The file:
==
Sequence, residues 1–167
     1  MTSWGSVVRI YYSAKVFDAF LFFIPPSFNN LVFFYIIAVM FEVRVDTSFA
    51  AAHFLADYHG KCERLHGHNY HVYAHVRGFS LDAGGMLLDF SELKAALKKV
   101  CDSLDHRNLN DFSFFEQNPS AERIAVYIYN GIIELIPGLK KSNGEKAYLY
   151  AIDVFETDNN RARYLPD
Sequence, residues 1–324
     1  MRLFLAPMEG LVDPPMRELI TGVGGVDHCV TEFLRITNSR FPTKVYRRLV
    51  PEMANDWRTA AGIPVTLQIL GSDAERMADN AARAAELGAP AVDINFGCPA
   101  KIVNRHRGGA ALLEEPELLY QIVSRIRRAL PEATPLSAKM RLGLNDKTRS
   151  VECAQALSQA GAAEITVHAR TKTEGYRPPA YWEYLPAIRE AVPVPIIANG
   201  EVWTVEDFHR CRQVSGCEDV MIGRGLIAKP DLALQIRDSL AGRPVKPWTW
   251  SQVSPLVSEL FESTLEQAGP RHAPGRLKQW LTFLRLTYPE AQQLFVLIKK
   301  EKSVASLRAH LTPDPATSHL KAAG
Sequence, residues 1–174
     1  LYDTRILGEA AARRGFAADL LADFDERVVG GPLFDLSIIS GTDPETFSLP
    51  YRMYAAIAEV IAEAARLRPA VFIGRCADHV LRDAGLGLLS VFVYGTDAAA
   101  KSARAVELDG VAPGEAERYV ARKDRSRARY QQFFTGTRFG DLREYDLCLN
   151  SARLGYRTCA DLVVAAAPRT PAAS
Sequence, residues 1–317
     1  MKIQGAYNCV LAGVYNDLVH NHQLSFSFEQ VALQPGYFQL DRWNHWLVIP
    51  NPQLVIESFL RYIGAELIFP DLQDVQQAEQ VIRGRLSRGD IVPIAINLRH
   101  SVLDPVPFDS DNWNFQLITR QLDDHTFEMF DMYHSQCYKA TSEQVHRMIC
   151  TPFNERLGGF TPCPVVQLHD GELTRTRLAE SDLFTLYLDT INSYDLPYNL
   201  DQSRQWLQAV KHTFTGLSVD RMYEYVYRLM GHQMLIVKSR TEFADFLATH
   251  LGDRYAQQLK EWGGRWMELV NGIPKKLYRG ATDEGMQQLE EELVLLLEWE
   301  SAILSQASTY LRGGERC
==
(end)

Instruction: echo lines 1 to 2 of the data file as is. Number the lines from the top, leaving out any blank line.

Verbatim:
Sequence, residues 1–167
     1  MTSWGSVVRI YYSAKVFDAF LFFIPPSFNN LVFFYIIAVM FEVRVDTSFA